Sutton House were so impressed with our installation we were exhibiting there for two weeks in addition to the Live Event on 8 September.
This exhibition was created and curated by our Young Research Team.
What a welcome from Sutton House who were such great heritage partners and such a fantastic response from the visitors to the installation. “Such a beautiful story, beautifully told”.
If you missed it this and all the other work we have been preparing will be on show at the New Armouries in the TOWER OF LONDON on 12 February 2018.
We have been invited to exhibit our young team’s work at Sutton House 6-8 September. Some examples here:
As part of this installation a Live Event DECONSTRUCT has been created. A Tudor Fashion show with a modern twist. Created by a small team of young women and designed by Nellie Noodle.
Limited spaces. Order your FREE tickets here!
DECONSTRUCT Live Event
Our installation at St Katharine Cree was a HUGE success!
We share some images with you here.
We are currently preparing for our next event at Sutton House on 8 September.
Get your FREE tickets here for our St Katharine Cree LIVE EVENT
29 June FREE ticket
You will find research panels, artwork, food and some films all created with the support of the Heritage Lottery Fund.
The evening will start with a talk from Anne Askew expert Mike Stuchbery.
Following the talk there will be a break when you can visit the exhibition and sample some Tudor fare.
After the break we will be given a dramatised presentation using Lady Jane Grey’s own words by Sarah J Warren.
An installation and Live Events funded by the Heritage Lottery Fund.
Mounted at St Katharine Cree and created by our community team of researchers and artists to explore the religious and political turmoil in Tudor England that led to the execution of the Nine Day Queen – Lady Jane Grey.
St Katharine Cree C Of E Church
86 Leadenhall Street, London, EC3A 3BP
St Katharine Cree Map
LIVE EVENTS Free via Eventbrite
22 June @ 7pm Sir Nicholas Throckmorton, The Puppet Master
29 June @ 7pm Lady Jane Grey, The Woeful Puppet
We are hosting Heritage Workshops in Hackney throughout May and June to complete our installation for St Katharine Cree.
We have been working on researching the Throckmorton family and their links with the events that led to Lady Jane Grey’s execution. The life of the martyr Anne Askew and the inner life of Lady Jane Grey as she was cruelly manipulated for political gain and greed.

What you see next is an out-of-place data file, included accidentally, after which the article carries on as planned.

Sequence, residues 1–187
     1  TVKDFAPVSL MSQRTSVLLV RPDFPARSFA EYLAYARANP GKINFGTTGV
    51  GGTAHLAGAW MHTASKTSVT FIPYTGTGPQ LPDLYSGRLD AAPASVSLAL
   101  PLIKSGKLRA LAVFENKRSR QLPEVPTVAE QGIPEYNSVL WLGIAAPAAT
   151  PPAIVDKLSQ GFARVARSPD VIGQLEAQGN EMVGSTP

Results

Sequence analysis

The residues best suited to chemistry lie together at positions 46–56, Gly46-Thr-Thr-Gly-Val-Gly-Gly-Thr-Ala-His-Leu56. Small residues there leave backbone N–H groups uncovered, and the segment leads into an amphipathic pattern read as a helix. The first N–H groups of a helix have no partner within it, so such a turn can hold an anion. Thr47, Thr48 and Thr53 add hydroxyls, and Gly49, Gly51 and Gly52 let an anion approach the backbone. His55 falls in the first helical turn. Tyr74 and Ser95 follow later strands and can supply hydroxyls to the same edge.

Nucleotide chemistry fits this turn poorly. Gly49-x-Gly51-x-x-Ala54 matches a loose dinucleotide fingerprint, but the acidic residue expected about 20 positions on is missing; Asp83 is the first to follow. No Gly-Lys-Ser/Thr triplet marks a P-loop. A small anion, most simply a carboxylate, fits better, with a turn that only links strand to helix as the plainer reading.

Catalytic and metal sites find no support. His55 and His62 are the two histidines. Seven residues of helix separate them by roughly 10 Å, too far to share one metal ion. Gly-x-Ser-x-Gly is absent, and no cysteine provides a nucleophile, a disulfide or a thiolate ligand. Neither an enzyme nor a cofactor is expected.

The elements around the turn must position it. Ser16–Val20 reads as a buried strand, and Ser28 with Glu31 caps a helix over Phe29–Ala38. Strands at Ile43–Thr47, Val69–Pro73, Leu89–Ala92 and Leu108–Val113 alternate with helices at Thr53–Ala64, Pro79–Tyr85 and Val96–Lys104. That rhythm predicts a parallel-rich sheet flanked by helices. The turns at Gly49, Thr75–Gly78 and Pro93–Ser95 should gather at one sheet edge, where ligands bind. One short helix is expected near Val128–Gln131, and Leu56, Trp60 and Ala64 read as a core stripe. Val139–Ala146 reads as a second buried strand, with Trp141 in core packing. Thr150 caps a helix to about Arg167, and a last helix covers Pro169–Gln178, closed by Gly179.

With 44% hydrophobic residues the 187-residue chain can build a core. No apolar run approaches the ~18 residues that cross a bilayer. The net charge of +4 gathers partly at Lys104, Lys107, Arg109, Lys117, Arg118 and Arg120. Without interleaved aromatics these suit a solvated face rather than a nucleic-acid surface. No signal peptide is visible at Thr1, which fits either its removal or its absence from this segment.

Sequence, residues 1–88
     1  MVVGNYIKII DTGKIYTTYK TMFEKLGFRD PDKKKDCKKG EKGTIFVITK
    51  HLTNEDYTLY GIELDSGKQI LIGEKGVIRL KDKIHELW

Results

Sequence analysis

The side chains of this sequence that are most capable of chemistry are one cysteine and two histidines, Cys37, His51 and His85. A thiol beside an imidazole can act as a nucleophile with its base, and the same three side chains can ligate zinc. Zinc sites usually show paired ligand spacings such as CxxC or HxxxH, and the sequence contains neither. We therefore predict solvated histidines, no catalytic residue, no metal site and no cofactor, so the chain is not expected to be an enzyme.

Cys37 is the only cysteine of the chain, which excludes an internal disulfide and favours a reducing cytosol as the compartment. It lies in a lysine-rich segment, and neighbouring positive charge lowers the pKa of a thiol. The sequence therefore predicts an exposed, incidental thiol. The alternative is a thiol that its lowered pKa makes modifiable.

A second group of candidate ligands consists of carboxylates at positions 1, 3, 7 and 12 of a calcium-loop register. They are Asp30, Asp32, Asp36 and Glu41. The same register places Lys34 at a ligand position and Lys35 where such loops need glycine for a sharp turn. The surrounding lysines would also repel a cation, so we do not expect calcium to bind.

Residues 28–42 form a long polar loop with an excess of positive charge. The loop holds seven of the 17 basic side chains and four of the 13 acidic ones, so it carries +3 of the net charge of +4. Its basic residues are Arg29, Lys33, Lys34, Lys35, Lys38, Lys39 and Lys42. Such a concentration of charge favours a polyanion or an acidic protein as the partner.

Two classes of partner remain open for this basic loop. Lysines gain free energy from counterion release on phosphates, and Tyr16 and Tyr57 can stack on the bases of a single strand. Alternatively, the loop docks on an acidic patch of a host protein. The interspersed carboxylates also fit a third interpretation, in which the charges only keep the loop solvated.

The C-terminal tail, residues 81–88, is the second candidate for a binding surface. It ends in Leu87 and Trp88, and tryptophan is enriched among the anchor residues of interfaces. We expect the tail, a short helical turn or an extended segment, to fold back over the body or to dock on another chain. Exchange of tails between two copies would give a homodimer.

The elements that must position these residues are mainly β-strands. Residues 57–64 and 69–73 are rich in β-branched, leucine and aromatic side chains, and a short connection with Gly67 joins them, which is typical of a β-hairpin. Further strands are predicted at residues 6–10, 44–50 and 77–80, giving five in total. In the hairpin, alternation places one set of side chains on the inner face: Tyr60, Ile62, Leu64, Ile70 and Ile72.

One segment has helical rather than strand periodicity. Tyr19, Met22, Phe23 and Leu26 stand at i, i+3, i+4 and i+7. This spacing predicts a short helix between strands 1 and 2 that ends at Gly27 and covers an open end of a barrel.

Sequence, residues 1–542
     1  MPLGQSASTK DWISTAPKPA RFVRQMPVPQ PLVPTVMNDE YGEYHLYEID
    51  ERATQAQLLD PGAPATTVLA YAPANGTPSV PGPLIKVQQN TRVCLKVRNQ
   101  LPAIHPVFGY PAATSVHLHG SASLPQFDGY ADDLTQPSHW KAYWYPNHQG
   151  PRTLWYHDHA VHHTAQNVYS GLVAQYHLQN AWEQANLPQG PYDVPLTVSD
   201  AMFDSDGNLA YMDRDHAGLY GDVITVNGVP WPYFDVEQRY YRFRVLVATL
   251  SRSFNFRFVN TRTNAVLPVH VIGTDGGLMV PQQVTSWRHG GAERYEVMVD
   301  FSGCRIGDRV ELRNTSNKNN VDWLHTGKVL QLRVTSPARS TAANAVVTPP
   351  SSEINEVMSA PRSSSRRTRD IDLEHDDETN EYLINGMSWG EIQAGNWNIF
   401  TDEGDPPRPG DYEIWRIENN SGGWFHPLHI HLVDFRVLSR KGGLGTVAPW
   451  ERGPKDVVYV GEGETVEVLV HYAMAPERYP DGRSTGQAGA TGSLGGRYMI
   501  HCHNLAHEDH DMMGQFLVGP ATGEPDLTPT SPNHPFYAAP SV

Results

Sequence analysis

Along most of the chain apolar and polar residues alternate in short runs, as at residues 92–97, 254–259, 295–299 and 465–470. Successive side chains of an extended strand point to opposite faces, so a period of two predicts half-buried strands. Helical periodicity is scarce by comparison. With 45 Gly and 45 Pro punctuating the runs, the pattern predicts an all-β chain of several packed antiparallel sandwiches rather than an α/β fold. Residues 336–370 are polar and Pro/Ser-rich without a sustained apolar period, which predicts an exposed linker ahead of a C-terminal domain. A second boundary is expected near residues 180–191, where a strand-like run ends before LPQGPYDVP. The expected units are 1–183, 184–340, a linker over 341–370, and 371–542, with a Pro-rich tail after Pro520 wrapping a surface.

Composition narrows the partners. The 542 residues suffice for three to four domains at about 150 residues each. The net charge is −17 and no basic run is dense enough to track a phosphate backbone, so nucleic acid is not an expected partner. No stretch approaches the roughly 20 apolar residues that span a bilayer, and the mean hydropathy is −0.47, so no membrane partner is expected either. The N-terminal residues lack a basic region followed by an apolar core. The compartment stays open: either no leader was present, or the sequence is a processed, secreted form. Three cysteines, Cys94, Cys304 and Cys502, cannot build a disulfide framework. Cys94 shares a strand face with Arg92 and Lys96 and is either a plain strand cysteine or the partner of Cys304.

If you wish to learn more about the project or receive a workshop application pack and be part of the installation at St Katharine Cree please contact us here or at email@example.com
There are still opportunities to join the research teams as we have an event at Sutton House on 8 September 2017 and our flagship event at The Tower of London 12 February 2018 and return research trips to Hampton Court and the Tower of London.
Woeful Puppet – Research In Action
We have been conducting practical Heritage Skills workshops, getting Archive and Research training and going on field trips to museums and galleries. And READING and READING.
The long process of sifting and collating begins early and here is a video made by our Digital Output Team of one of the steps in our research trail into the life of Lady Jane Grey.
With the St Katharine Cree installation coming up in June and work started on Sutton House installation we covered the Throckmortons and Anne Askew a lot in this session at Diorama Studios during our latest set of workshops and installation creating.
There was a recent photography tour of the City Of London to search for relevant Throckmorton and Lady Jane Grey heritage sites to support the Heritage Lottery funded installation at St Katharine Cree from June 19 2017.
Included was a visit to The Guildhall.
The Guildhall was built in 1440, but parts date to 1411. And where the trials of Lady Jane Grey, and the Protestant Martyr Anne Askew took place.
The Guildhall was also where the trials for the nobles involved in Wyatt’s Rebellion were held. The accused did not have legal counsel, but had to conduct their own defence. Tried for treason, the nobles were given the death penalty. Of the accused, only Throckmorton was acquitted. To get acquitted from a Tudor court, particularly when you’re accused of committing treason, was a very unusual thing. Throckmorton must have been a very skilled public speaker – and had many connections – to manage this.
Also visited was St-Sepulchre-without Newgate.
A historical plaque outside St. Sepulchre’s with some history of the church. Roger Ascham, a scholar and tutor to Elizabeth I and secretary of Mary I, worshiped here, while its vicar John Rogers was the first Protestant martyr burned by Mary I.
One of our researchers, Pauline Goldsmith, discovered an ancestor George Goldsmith was buried here in 1785!